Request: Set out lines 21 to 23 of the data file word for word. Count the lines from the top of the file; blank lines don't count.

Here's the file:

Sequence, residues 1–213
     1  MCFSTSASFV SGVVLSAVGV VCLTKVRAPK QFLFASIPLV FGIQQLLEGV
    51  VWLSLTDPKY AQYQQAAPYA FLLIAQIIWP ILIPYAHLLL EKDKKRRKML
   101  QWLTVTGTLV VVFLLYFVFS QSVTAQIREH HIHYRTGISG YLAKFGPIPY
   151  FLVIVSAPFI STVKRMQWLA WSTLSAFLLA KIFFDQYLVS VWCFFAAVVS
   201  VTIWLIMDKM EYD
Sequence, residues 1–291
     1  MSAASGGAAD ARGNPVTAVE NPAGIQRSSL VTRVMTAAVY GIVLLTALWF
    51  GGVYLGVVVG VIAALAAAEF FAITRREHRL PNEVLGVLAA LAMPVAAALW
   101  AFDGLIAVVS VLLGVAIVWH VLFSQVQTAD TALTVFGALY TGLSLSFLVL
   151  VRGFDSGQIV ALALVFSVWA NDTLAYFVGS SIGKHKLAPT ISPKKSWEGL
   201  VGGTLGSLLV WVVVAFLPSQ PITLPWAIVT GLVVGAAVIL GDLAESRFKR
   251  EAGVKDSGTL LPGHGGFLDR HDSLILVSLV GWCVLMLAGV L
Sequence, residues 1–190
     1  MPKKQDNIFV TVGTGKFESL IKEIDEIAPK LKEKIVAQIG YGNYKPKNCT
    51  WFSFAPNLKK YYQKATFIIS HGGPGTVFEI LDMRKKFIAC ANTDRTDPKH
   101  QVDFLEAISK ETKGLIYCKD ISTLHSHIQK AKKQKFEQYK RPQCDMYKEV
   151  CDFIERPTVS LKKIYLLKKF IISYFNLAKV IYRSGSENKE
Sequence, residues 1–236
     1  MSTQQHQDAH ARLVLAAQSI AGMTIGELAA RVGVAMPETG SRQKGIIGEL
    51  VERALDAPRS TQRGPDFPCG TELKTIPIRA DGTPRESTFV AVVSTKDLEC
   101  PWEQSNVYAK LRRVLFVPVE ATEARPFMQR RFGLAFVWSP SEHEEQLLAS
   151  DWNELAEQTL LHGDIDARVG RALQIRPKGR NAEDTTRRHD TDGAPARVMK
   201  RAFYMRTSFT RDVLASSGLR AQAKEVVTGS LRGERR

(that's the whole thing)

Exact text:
    51  VERALDAPRS TQRGPDFPCG TELKTIPIRA DGTPRESTFV AVVSTKDLEC
   101  PWEQSNVYAK LRRVLFVPVE ATEARPFMQR RFGLAFVWSP SEHEEQLLAS
   151  DWNELAEQTL LHGDIDARVG RALQIRPKGR NAEDTTRRHD TDGAPARVMK